Marina Bay Sands (MBS) and Resorts World Sentosa – Signapore’s two integrated resorts – are getting some tax breaks this year as policymakers there are looking to bolster a tourism industry dealt severe blows at the hands of the COVID-19 virus.
The two gaming properties will get 10 percent tax rebates this year while guestrooms, suites and Meetings, Incentives, Conventions and Exhibitions (MICE) space will be entitled to relief of 30 percent, according to the city-state’s recently revealed fiscal 2020 budget.
Lawmakers are hoping the reduced levies for the gaming venues will boost visits. Tourism is an important contributor to Singapore’s economy, which is being pinched by the COVID-19 outbreak.
The Ministry of Trade and Industry (MTI) has downgraded the GDP forecast from between 0.5% to 2.5%, to between -0.5% and 1.5%,” said Deputy Prime Minister and Minister for Finance Heng See Keat in his new budgets. “However, the duration and severity of this outbreak and the impact on the global economy are still unclear.”
The government is also offering tax credits of eight percent, or up to almost $2,600 per month, to assist employers in retaining Singaporean workers.
Earlier today, three more cases of the novel coronavirus were confirmed on the city-state, bringing the total there to 84. Globally, there are 75,000 documented cases of the illness with 2,000 deaths – all but six of which have occurred on mainland China.
Since the first case of the “Wuhan virus” emerged in mid-January, Macau has consistently garnered more headlines as a gaming destination being adversely affected by the outbreak, but Singapore is a prime tourist destination in its own right. As is the case with Macau gaming properties, Marina Bay Sands and Resorts World rely on tourists from mainland China for a significant percentage of visits.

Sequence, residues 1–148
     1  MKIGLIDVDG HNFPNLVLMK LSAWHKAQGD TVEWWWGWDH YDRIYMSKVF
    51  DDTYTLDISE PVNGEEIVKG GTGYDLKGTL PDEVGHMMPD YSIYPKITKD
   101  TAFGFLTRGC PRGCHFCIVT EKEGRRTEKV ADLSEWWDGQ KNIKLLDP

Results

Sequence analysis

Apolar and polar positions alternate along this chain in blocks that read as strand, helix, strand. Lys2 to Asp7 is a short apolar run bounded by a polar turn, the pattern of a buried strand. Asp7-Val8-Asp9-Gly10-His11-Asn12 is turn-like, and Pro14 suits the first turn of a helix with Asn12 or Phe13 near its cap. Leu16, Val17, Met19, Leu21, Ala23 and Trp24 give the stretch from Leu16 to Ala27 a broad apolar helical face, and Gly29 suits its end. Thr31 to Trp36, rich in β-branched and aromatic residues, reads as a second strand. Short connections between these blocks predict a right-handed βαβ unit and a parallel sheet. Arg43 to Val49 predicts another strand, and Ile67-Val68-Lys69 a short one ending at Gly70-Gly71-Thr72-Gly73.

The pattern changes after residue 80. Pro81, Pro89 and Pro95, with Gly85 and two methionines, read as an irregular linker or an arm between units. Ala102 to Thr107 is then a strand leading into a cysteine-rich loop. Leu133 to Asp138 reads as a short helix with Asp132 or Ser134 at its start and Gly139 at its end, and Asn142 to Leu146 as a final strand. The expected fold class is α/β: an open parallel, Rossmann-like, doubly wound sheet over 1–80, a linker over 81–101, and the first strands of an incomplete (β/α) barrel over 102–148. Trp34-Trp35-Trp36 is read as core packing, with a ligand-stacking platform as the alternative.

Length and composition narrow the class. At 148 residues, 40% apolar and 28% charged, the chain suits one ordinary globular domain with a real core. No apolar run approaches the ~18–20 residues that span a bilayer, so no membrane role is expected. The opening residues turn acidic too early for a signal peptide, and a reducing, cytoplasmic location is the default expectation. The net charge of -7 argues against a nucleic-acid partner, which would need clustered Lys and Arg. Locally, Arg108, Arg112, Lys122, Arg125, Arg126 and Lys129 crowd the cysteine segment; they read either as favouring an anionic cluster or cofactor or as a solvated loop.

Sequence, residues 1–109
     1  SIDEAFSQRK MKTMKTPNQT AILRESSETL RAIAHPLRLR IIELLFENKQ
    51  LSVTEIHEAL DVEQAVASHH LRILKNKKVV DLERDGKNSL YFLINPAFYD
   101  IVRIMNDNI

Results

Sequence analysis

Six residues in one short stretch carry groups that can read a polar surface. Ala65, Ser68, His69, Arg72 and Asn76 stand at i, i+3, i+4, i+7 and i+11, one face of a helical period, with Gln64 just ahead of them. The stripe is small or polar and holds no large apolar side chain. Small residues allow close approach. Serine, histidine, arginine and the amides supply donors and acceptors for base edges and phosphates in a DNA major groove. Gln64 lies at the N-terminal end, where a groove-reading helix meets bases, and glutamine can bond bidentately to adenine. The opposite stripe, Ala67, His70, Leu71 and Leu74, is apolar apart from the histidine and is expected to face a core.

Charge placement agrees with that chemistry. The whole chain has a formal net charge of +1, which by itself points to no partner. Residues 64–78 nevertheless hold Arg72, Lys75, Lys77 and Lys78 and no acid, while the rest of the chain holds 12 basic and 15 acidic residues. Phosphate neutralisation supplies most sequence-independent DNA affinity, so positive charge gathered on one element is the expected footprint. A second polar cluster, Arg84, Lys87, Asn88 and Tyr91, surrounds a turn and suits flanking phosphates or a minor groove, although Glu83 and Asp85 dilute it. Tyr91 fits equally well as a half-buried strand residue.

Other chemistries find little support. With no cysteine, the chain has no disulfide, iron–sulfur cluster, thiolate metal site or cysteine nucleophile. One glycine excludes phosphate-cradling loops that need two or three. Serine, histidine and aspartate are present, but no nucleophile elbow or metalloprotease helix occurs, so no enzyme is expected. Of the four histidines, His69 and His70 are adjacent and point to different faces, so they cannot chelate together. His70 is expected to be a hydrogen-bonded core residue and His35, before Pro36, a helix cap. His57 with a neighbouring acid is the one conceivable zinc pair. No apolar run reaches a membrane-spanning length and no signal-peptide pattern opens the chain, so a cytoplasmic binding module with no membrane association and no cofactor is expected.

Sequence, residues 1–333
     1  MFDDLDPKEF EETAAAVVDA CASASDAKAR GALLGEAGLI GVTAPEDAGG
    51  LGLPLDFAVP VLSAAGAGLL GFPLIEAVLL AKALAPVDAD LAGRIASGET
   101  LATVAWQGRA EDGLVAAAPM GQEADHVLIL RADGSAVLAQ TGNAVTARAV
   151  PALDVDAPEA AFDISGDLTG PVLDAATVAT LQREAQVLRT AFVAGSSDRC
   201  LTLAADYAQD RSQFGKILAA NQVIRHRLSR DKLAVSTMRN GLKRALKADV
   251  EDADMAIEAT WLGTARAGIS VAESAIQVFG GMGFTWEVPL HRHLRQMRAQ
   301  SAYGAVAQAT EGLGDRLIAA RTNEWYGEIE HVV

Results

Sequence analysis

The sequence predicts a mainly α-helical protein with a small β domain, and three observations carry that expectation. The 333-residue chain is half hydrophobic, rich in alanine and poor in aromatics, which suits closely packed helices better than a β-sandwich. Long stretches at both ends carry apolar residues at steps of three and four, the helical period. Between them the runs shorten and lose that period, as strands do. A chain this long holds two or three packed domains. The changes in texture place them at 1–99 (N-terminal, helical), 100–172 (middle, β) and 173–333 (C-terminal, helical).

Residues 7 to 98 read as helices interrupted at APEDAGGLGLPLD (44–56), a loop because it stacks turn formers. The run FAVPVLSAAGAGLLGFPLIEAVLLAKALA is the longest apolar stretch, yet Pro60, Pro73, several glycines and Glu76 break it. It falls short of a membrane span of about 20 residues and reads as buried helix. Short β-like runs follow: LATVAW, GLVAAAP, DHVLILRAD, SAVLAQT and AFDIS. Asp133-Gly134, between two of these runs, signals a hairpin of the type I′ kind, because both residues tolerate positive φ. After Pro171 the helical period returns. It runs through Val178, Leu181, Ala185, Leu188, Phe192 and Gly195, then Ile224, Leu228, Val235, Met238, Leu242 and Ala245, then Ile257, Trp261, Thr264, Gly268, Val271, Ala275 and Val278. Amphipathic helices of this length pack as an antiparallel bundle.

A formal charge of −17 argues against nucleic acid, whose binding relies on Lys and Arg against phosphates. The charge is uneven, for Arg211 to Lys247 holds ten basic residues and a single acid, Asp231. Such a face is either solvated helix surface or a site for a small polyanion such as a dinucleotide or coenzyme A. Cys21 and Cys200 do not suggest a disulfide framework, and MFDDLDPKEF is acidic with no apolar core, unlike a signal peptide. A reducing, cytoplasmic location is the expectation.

In the fourth quarter, Las Vegas Sands (LVS) – the owner of the Marina Bay Sands – reported adjusted property earnings before interest, taxes, depreciation and amortization (EBITDA) of $1.39 billion of which $457 million was derived from the Singapore property. That’s nearly quadruple the EBITDA generated by the Palazzo and Venetian – the operator’s two Las Vegas venues.
Additionally, Singapore ports are vibrant centers for cruise ships, business that has been hampered due to the COVID-19 epidemic. The aforementioned budget includes a 15 percent property tax rebate for international cruise and regional ferry terminals.
The tax breaks are being applauded by analysts, but some have one point of contention: lawmakers’ refusal to reduce the entry fees charged at the casinos to local residents. Singaporeans must pay almost $108 to enter either of the gaming venues one time or they can get annual passes for $2,155.
“We were hoping that the 50 percent casino entry levy hike of 4 Apr 2019 would be rolled back a tad,” said Maybank analyst Samuel Yin Shao Yang in a note.
The analyst said Resorts World parent Genting Singapore will save about $2.73 million this year due to the tax relief.